Anyone that have smoked weed has some point or another had the desire to devour anything they can lay their hands on. That being said, why does weed make you hungry? Could it be as a result of what happens in your brain? You are about to find out.
What happens in your brain when you smoke weed?
In 2015, researchers conducted a study on rodents at the Yale School of Medicine. They found out that THC activated a switch in the rodent’s brain circuitry, thus felt hungry as a result. Similarly, in humans, when you smoke weed, THC binds with cannabinoid receptors (CB1s) in the brain’s olfactory circuit, thus, increasing your awareness of taste. That’s why after you smoke weed, food smells and tastes better than they usually do.
Furthermore, more dopamine gets released and the appetite stimulation hormone, ghrelin, is activated.
Cannabinoids in marijuana affect our brains in numerous ways. THC is one of the main reason why we crave for food after smoking weed. What role does THC play in making us crave food after smoking weed?
The role THC plays in making us hungry
To get a better understanding of the mechanism of how the body regulates itself when it comes to hunger or feeding stimulation, visit this site. However, in a nutshell, this is what happens when we feel hungry.
When the body senses lower energy and decrease in energy stores, ghrelin gets released. The hormone gets released in the GI Tract and stimulates the hypothalamus in our brain to give us the sensation of hunger. Interestingly, this is in the same area where the feel-good neurotransmitter dopamine gets released.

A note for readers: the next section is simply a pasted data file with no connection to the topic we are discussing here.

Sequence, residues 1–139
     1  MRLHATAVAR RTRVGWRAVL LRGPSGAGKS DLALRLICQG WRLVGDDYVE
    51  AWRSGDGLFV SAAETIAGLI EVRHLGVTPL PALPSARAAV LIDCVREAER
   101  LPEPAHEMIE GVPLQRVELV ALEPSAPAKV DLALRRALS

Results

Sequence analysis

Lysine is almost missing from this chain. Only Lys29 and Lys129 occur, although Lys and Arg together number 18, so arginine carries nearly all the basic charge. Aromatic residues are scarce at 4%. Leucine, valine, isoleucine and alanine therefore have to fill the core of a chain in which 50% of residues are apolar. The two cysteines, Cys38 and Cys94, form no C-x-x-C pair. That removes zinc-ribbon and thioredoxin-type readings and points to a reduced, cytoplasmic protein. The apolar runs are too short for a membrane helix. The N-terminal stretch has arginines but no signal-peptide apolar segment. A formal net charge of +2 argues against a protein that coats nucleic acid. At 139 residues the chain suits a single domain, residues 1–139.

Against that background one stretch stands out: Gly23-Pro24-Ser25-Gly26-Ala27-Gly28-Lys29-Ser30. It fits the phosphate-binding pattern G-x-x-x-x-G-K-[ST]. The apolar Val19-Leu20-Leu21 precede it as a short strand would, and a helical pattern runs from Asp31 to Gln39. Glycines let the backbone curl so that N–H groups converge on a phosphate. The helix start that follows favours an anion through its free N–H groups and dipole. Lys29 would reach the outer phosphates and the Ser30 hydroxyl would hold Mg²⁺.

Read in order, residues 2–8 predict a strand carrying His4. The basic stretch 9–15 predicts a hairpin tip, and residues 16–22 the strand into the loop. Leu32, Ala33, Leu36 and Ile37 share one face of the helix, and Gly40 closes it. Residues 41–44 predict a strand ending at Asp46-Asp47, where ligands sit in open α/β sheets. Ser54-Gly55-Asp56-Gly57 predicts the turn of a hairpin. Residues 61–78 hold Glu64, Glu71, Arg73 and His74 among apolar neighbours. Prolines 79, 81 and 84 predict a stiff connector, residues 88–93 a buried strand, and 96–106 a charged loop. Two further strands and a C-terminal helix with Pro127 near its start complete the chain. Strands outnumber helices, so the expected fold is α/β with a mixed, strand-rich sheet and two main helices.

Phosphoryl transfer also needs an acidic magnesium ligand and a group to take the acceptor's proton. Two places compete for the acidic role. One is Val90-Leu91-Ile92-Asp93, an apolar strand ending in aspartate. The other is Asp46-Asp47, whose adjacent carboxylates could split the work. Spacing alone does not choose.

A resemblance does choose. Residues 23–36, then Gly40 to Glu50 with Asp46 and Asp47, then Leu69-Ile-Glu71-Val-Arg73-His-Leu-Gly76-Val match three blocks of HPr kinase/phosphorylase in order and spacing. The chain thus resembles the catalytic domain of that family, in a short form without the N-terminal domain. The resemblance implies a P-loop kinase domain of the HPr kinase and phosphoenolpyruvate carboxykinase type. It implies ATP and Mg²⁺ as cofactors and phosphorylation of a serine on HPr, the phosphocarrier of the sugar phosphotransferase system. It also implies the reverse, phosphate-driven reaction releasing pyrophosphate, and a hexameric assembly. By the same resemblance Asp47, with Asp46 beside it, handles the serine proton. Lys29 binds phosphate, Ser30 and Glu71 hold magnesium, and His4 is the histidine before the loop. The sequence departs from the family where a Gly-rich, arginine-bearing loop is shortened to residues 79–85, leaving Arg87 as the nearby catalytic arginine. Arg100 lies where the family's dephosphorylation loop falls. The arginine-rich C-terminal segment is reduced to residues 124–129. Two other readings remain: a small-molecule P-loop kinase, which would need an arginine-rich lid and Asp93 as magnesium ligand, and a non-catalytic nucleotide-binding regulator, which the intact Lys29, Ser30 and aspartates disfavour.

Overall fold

And when the energy stores are full, or there are too many of them, a hormone Leptin gets released by the fat cells to stimulate the hypothalamus to decrease the “hunger feeling”. Leptin also affects dopamine release, hence, the feeling of satisfaction when your tummy is full.
Furthermore, leptin cancels another very prominent hunger stimulator, Anandamide.
However, when THC gets into our body, things change. Anandamide (an appetite stimulator) binds to the same receptors as THC and activates the munchies we feel after smoking weed.
How are the munchies activated?
When THC joins Anandamide on the receptors (CB1s), the leptin counts decreases and it fools the neurons into thinking that you are still hungry, hence, the munchies.
This whole mechanism gets controlled by a protein AMPK.
Benefits of the Munchies
Wait a moment, wouldn’t there be a problem when you eat too much? Now, this is where the therapeutic benefit of THC kicks in, especially for people having trouble eating.
THC produces many effects in the body. We know all about euphoria, but it also produces analgesia and sedation. It also combats vomiting and nausea. It stimulates appetite too.
For people struggling to eat due to cancer or any other medical condition, weed helps to stimulate their appetite and makes the food taste and smells better. This is another plus-point for those with zero appetites.
To top it all, after smoking weed, THC along with anandamide binds with the CB1 /glucose receptors (replacing sugar) causing (the ghrelin hormone to be released in the GI tract), which in turn stimulates the hypothalamus in our brain to create the feeling of hunger, hence, why your body craves food.
So there you go. If you ever wonder why you have a seemingly unquenchable hunger; this might just clear it up a bit. The case of munchies resolved.
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